It’s high time to admit: College students have a fully loaded schedule, complete with both intellectual and physical work.
Lectures, seminars, exams, academic writing, campus life—all this takes time and can often feel like a delicate balancing act. Given that many students combine work with study and still need time for hobbies, rest, and private life, efficient time management becomes a vital skill to master.
- Do you feel overwhelmed by study and work?
- Do you feel stressed as a result of a busy schedule?
- Do you struggle to balance school and private life?
If you answered “yes” to any of these questions and often find yourself fatigued or frustrated, you need to learn how to more effectively manage your time. Developing time management skills will not only give you a chance to breathe, but also help raise your GPA, make you more organized, and enable you to mix business with pleasure.
Here are some time management skills every college student should learn:
Set Goals (And Write Them Down!)
A smart student knows what he wants. The smartest student sets particular goals and knows what to do to achieve them. See the difference?
Start with weekly to-do lists. Write down at least three short-term goals to accomplish: office hours with your professor once a week, an hour every other day at the gym, two hours every Thursday for class readings, etc. Whatever the goals, write them down and stick with them. Once you’ve completed a goal, you can check it off your list. This can add a sense of accomplishment and help motivate you to achieve more of your goals.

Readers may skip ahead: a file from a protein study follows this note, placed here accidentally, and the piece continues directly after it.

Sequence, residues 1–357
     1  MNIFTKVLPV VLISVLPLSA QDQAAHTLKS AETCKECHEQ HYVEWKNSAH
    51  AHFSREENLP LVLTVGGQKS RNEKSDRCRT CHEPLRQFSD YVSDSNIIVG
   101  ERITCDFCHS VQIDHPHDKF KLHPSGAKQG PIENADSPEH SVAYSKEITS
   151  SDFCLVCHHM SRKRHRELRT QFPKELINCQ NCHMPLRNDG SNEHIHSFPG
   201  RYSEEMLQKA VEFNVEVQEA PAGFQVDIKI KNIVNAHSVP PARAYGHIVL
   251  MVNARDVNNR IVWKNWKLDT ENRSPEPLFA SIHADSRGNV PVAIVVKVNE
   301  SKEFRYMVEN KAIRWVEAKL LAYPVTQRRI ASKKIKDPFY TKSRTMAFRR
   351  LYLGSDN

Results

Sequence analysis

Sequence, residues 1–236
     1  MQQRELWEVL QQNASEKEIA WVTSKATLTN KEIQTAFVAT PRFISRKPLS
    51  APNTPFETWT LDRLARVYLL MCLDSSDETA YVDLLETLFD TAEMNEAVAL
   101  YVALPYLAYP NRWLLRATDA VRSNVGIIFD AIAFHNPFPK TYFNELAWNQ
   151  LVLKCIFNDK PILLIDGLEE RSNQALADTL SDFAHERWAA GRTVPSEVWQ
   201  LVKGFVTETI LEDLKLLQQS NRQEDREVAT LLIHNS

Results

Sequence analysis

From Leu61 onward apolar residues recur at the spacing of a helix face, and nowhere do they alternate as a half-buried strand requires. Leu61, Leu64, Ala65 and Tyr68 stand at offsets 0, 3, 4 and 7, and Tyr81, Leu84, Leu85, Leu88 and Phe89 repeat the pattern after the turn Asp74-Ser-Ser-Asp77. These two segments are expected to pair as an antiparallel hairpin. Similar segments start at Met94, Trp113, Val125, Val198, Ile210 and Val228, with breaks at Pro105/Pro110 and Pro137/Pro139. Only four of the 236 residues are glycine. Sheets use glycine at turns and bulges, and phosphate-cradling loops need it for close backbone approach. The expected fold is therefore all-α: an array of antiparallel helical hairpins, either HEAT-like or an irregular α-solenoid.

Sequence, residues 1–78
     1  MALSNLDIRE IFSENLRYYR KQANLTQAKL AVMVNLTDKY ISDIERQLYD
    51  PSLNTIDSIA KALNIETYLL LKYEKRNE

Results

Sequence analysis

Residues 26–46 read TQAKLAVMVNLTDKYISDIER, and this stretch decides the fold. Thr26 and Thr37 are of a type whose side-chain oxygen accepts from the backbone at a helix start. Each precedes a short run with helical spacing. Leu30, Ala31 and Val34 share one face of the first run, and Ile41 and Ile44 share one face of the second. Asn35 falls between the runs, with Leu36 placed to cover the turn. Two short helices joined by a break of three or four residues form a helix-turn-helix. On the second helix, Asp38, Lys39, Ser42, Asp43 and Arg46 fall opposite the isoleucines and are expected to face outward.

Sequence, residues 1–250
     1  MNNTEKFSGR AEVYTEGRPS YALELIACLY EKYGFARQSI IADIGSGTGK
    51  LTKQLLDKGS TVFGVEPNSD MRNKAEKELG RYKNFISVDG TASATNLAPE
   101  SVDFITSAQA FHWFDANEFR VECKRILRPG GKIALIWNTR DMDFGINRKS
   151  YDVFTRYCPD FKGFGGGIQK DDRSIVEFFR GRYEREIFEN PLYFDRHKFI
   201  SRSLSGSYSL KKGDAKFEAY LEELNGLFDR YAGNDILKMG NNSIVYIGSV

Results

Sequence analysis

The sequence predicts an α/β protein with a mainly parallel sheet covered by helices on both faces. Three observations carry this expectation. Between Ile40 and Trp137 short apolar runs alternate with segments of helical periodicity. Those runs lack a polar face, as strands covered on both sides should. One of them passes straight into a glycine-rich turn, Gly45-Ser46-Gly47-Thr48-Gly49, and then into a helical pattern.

Plan Everything (And Prioritize!)
With tight student schedules, the best way to make sure you have time for everything is to plan ahead. This ties back into the whole writing-it-down thing. One great way to plan ahead and stay on-top of upcoming plans and assignments is to write it all down in a planner or on a calendar. Reminders in Google calendars and other apps are also a helpful way to plan your week, month, or semester.
Find what works best for you and start filling up those days. Remember to write down due dates as soon as you get them to avoid falling behind or having to do a last minute cram-session.(Also read our tips on how to be a better studier before finals.)
Another trick: prioritize the most challenging tasks on your list to ensure you have enough time to complete them. Known as the “eat that frog” technique, prioritizing your tasks in this way will help you use your daily energy wisely: whether your “frog” is essay writing or learning a million definitions for upcoming exams – prioritize your “battery” to use it those tasks and assignments which are most demanding.
Be Careful With Gadgets (And Limit Distractions!)
The Internet eases the learning process but holds some hidden dangers. While doing online research for an upcoming class project, you risk getting side-tracked by emails, social media, and other time-eaters. The same happens when you learn something with TV or radio in the background: they steal up to 25% of your time.